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Ibrahim Mālik

The Culture of Peace and Co-Existence – Translated by Jamal Assadi, with Assistance from Michael Hegeman and Michael Jacobs

Edited By Jamal Assadi

This selection of Ibrahim Mālik’s short stories and poetry brings together an illustrative compendium of his works, which propose a genuine portrait of the numerous predicaments, concerns, apprehensions, and coercions from which the Arab community inside Israel suffers. To a great extent, these difficulties are currently the lot of many ethnic groups and communities in the Middle East and many other parts of the world. General readers of this work will take pleasure in exploring a different culture, while specialists interested in Arabic literature will find new and bountiful grounds for academic study.
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The Oxlip


(The third text)

Mas’ud the Galilean—also known as the son of the Khattaf al-Carmelie, Ahmad Ben Sakhr—felt as if the mountain oxlip flower that emerged from the remainders of his rocky land always hid from his sight after the middle of May. It blossomed again the next year. From the accuracy that comes from careful watching, he knew that the flower would sprout again in the beginning of March. Now that year comes one day after the showers of blood stop falling from the skies of his homeland—these showers which have filled all the water reservoirs in his beloved rocky land. Yes, this land had known pain, raging and strikes of winds. That year will be after these winds are tamed and placed in peaceful captivity, so that they will not creep again with aggression and defiance in the soles of soldiers’ feet and in launchers of fire. The control of this harsh wind was, indeed, what Mas’ud the Galilean wished throughout his miserable life and throughout the loss of the homeland’s most beautiful thing: decent living.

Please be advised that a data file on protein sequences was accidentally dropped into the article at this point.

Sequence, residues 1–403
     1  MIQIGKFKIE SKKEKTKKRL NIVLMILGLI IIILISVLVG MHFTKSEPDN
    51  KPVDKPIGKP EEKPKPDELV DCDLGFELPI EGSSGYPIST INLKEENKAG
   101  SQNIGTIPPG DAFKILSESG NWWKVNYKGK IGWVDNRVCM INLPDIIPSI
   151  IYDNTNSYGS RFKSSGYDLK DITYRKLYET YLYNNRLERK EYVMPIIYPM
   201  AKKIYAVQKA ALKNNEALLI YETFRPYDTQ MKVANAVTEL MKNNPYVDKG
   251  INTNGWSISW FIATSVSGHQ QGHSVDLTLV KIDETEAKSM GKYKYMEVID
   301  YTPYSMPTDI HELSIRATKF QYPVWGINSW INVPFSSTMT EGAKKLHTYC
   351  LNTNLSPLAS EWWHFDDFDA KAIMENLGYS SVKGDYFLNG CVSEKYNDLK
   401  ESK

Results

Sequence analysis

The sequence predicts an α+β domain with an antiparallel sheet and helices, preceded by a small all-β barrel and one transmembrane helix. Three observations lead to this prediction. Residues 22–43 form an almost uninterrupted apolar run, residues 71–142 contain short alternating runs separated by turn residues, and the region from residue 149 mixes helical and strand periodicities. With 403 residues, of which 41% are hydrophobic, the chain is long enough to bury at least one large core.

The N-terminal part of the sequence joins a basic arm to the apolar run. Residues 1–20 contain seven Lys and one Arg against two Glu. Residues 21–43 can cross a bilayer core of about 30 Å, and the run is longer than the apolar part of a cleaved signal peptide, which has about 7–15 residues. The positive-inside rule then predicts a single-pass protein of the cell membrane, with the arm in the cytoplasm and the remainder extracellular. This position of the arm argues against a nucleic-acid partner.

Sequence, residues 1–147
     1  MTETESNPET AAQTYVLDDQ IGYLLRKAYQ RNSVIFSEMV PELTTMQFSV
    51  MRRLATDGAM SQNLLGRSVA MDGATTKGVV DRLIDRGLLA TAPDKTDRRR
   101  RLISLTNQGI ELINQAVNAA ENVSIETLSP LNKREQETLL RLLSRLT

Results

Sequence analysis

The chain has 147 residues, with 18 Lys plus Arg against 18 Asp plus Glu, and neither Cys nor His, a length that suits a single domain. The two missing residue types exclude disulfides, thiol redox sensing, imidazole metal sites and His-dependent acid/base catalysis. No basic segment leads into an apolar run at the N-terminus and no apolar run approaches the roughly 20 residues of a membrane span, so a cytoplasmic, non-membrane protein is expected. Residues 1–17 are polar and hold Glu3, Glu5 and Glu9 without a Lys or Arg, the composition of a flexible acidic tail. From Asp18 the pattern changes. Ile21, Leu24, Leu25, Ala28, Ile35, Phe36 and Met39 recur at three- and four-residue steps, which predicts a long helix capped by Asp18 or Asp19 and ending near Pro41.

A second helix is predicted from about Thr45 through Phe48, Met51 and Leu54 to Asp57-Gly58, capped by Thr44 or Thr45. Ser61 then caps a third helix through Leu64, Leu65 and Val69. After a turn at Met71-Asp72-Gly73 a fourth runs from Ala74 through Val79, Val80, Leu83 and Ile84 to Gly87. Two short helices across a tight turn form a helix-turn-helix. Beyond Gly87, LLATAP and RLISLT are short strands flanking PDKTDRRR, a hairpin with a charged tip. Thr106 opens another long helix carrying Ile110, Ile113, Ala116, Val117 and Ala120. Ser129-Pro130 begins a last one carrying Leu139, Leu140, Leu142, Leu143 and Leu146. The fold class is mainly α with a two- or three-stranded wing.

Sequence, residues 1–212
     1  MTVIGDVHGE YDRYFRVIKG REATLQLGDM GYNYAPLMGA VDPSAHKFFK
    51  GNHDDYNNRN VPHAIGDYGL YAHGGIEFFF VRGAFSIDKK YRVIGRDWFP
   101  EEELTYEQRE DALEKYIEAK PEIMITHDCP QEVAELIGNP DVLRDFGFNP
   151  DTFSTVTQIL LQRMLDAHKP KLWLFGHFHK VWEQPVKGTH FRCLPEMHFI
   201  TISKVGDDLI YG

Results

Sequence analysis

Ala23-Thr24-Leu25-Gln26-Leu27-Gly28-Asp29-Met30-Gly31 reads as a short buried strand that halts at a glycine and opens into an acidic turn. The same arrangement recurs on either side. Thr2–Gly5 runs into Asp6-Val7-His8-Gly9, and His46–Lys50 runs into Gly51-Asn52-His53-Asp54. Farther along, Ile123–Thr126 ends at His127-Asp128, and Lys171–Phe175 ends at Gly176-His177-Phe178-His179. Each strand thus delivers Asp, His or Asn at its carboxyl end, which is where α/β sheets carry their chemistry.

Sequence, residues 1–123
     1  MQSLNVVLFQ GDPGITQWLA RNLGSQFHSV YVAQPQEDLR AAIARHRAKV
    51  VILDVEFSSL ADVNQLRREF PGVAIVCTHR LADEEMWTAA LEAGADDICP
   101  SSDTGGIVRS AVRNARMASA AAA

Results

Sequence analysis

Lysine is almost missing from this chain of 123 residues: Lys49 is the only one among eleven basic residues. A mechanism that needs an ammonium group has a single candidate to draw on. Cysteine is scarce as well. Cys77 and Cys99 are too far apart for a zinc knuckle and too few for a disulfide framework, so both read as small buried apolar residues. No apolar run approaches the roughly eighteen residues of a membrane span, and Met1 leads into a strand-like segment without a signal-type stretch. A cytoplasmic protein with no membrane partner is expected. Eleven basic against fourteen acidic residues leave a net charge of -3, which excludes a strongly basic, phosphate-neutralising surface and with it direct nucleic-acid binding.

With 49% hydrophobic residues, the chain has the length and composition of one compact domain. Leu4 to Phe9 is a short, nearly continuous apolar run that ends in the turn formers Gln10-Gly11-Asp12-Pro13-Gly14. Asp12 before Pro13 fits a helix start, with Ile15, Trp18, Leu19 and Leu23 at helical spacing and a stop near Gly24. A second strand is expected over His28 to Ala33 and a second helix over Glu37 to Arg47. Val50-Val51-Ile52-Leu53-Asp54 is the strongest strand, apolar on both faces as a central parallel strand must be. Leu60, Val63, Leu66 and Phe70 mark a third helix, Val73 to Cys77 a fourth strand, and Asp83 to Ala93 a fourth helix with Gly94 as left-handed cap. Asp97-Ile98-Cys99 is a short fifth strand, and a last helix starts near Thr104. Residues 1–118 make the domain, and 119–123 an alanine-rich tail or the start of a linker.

Mas’ud stopped his musing. Then, after a while, he addressed his exhausted self, “I am fed up with the sight of blood, with death by starvation and siege. I’m waiting for the birth of the promised and ← 62 | 63 → dreamed-of oxlip flower! Perhaps the familiar circle of nature will whisper to me the news of the flower’s long-awaited renewal and, as a result, I...

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